Civil engineering is a very focused and concentrated field. Civil engineering is an excellent field for someone sure they want to design, build, and maintain physical structures. Civil engineers learn a great deal from their degrees themselves.

Mechanical engineers on the other hand have more learning to do on their job since mechanical engineering is a broader field than civil engineering.

Mechanical engineers hold the advantage when it comes to applying to jobs not directly related to their fields. For instance, It is common to see mechanical engineers being hired in management and marketing positions.

Is Civil Engineering Stressful?

Civil engineering is quite stressful. This holds for other engineering disciplines as well. Civil engineering is stressful because you have to take difficult courses, apply complex mathematical formulae, be extremely precise with your designs, and work in a high-pressure environment.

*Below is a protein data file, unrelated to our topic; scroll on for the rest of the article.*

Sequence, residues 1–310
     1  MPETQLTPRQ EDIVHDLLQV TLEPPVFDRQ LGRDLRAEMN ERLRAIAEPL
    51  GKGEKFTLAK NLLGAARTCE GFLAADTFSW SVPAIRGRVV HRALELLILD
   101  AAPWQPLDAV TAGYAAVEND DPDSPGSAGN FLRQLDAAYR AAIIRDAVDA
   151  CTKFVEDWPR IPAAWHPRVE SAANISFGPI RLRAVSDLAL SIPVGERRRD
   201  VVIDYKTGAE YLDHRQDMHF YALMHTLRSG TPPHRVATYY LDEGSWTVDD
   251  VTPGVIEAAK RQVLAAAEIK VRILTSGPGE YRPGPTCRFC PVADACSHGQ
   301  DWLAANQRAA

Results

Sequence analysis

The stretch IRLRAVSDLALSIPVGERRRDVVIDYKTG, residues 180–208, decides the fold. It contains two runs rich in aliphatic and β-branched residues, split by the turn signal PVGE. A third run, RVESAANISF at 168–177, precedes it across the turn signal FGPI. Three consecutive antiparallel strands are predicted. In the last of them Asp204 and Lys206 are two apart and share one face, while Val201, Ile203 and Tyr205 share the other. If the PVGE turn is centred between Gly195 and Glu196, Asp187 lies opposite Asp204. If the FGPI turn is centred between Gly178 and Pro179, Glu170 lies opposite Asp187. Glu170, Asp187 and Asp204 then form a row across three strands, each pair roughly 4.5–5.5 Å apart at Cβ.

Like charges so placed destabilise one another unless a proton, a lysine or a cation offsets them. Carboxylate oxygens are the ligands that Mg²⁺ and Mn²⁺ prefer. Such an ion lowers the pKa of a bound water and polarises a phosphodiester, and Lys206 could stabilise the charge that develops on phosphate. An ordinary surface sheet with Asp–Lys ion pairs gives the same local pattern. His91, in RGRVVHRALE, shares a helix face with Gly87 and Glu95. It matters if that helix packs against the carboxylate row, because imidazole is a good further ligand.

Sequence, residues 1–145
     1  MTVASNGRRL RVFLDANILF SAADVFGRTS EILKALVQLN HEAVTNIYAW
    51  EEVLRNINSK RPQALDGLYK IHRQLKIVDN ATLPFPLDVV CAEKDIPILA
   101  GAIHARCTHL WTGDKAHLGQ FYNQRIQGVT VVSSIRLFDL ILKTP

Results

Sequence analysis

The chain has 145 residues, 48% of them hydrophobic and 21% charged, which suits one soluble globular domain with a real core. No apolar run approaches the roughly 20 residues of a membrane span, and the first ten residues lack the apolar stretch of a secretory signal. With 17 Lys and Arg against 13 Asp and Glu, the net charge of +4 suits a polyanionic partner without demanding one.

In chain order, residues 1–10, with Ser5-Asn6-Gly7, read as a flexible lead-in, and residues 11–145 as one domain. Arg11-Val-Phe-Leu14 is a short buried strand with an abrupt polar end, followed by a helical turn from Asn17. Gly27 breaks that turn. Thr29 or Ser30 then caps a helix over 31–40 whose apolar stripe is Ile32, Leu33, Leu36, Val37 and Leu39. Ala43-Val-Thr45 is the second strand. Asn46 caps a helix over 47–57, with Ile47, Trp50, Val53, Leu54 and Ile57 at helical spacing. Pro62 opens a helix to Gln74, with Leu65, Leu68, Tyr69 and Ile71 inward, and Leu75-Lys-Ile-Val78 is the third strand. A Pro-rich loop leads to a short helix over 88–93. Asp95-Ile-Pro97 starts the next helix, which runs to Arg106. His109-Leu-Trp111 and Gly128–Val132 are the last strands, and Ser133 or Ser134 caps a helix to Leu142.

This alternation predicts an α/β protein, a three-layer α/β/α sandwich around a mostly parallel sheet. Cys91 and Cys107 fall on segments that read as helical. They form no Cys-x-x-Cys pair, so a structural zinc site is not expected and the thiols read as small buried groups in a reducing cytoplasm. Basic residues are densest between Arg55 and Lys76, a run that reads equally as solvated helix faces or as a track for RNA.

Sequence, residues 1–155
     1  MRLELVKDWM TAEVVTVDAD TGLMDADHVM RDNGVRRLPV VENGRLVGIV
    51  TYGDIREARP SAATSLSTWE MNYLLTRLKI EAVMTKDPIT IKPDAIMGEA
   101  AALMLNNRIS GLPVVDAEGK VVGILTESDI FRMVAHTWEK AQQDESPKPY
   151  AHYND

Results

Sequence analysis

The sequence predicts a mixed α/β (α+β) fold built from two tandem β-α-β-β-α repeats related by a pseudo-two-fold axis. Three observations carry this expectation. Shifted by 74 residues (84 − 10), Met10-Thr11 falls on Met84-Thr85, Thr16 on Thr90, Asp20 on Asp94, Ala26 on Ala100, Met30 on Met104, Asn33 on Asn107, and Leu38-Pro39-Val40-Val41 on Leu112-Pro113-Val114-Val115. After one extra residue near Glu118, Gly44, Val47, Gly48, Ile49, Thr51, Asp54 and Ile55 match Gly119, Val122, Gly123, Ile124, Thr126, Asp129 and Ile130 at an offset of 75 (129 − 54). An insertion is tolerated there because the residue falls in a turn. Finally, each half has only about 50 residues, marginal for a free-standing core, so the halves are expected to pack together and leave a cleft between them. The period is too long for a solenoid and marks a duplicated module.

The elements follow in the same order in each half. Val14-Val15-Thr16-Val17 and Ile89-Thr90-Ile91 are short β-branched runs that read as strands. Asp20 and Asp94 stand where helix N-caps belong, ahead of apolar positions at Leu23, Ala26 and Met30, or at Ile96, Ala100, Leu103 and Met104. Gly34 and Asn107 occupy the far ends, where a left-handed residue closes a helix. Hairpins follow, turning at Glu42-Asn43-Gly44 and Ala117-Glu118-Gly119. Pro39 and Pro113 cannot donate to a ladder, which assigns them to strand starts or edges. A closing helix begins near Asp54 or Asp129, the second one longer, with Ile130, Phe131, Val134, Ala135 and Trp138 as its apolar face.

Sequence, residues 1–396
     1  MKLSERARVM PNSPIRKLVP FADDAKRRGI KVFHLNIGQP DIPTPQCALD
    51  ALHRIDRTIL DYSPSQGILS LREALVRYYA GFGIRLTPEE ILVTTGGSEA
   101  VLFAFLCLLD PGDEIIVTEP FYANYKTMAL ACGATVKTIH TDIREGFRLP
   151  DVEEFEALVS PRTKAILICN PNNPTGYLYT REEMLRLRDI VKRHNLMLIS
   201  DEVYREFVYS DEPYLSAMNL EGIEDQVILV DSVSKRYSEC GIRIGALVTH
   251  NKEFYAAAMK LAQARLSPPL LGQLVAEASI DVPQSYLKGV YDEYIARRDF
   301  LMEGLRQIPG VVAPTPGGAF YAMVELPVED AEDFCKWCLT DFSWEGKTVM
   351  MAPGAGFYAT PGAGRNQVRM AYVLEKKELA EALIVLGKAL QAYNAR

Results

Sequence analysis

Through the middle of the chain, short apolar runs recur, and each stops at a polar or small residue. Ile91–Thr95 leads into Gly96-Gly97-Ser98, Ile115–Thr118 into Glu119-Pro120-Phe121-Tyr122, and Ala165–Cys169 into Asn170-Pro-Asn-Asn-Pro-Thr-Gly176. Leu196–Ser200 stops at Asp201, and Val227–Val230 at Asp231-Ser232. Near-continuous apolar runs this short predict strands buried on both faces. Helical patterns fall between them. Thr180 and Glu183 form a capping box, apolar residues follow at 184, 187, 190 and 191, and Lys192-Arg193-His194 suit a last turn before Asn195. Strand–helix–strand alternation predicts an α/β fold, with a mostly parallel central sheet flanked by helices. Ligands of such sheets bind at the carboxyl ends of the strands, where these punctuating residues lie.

Engineers are paid more than most other professionals. This is because the work they do is stressful, difficult, and complicated. Civil engineers not only need to create cost-effective and durable blueprints but also execute their designs perfectly.

In many fields, human errors are easily amendable. For instance, a receptionist scheduling the wrong meeting or a painter painting the wrong shade will not lead to catastrophic results.

However, civil engineers can cause entire bridges and skyscrapers to collapse through miscalculations or not taking environmental factors into account when designing the structures. These mistakes can cost someone their life.

Is Civil Engineering Worth It?

Civil engineering is worth it. Civil engineering is one of the highest-paying professions, leads to a stable career, has loads of growth potential, and is a highly marketable degree. However, it is important to realize that civil engineering is a stressful and difficult field.